WASHINGTON -- Voters are getting a last look this weekend at the candidates for mayor in D.C.'s Democratic Primary.
WTOP reached out to the candidates for a final message about the top issues they want voters to keep in mind in the booth.
The race largely focused on the investigation into Mayor Vincent Gray's 2010 campaign. Businessman Jeff Thompson pleaded guilty to bankrolling a $600,000 "shadow campaign" to help Gray beat incumbent Adrian Fenty four years ago, but Gray says he didn't know about it, and did nothing illegal.
In his response to WTOP's request for the two biggest issues he would address in a second term, Gray's campaign says he would focus on education, along with economic issues like jobs and affordable housing (see details of the candidates' responses in the photo gallery, right).
Ward 4 Councilwoman Muriel Bowser, tied with Gray in recent polls, says she would speed-up education reforms, especially for the District's middle schools. Her campaign says she would also focus on affordable housing and homelessness.
Council members Jack Evans, Tommy Wells and Vincent Orange, as well as Carlos Allen did not respond to WTOP's request for their two top issues.
Evans's campaign focuses on his lengthy experience in District government. Wells has emphasized a decision not to accept corporate campaign contributions and the endorsements of the D.C. police and firefighters' unions.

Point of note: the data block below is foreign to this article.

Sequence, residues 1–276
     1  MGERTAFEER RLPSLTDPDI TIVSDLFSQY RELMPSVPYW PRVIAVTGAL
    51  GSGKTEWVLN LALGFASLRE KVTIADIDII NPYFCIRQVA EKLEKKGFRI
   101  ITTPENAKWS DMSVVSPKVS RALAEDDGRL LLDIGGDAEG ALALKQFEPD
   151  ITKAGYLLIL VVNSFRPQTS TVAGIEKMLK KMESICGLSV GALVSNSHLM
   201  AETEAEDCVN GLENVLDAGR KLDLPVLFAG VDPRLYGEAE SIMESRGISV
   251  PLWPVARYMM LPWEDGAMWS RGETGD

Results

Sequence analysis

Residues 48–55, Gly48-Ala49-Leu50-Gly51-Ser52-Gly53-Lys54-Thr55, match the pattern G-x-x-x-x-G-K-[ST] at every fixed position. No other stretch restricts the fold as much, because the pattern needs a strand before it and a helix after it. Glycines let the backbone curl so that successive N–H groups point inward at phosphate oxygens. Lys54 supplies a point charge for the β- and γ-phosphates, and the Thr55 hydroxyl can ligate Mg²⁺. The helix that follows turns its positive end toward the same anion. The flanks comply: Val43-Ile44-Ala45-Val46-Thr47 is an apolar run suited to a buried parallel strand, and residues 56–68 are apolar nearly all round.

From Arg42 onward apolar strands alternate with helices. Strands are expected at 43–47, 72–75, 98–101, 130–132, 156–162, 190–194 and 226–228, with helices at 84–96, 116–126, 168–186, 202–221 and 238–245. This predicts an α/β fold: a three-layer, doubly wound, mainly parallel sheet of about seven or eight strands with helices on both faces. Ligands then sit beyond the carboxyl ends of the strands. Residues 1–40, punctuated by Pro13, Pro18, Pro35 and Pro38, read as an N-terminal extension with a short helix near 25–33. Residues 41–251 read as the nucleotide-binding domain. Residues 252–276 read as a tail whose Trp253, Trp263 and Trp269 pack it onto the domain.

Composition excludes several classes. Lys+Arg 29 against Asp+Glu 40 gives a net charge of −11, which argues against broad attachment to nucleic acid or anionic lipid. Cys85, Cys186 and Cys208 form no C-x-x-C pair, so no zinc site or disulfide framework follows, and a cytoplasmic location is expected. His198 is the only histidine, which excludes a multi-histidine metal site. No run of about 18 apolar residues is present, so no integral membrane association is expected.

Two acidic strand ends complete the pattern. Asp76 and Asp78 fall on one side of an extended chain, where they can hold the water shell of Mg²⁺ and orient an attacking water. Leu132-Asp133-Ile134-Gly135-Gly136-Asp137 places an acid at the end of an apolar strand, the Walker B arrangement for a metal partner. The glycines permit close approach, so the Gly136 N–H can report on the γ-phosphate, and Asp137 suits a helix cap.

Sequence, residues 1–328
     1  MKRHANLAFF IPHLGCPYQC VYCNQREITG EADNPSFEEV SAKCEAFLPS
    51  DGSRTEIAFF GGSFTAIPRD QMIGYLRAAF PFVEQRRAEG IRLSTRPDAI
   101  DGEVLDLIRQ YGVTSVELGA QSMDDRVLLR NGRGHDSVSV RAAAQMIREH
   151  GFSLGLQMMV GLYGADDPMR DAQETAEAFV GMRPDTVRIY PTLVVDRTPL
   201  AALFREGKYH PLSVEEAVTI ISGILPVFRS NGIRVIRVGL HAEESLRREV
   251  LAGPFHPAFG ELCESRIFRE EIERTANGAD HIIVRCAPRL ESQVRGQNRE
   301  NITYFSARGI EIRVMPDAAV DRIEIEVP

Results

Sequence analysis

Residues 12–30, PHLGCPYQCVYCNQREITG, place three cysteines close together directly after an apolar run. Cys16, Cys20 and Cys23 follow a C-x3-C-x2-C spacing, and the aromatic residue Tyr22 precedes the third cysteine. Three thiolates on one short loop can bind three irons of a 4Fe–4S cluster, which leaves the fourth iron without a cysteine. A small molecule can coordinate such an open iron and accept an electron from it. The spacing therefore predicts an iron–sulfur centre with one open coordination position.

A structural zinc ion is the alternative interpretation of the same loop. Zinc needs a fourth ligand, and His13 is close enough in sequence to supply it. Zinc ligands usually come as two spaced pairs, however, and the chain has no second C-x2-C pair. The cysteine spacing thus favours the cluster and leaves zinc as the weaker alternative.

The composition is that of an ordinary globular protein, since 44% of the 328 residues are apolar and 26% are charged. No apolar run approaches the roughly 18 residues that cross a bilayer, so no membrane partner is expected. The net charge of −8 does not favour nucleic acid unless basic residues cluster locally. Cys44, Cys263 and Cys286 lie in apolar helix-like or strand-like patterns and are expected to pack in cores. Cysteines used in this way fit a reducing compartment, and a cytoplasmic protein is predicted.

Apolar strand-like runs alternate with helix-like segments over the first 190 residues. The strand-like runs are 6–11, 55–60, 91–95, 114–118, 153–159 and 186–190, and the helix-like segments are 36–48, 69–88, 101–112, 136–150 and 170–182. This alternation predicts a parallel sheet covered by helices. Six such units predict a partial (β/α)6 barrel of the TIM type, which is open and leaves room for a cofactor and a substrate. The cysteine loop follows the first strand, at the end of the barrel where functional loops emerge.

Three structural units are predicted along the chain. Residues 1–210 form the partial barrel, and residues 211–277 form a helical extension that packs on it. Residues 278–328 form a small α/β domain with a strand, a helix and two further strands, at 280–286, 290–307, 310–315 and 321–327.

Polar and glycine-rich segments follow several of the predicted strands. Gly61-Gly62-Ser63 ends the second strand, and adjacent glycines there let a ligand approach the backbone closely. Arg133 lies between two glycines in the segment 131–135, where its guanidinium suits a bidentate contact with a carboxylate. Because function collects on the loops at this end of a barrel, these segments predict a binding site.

Former State Department official Reta Jo Lewis says she would focus on "repairing the tarnished reputation of the District" through open and transparent government, as well as diversifying the District's economy beyond the federal government.
Busboys and Poets owner Andy Shallal says he would change the District's formula for education reform by focusing on neighborhood schools, while also addressing growing inequality in housing, education and jobs.
Saturday is the final day of early voting at 13 locations across the city.
All 143 regular polling places will open for election day on Tuesday.
The Democratic nominee faces independent, and former Republican, at-large Councilman David Catania in November's general election, which could become Washington's first competitive general election for mayor since the mid-1990s. As an independent, Catania is not on the ballot Tuesday.
Voters not registered are allowed to do so at the polls with proof of residency, but it's too late for voters who are already registered to change their parties.
If they are 18 by the general election on Nov. 4, those who are 17 years old can vote in the primary.
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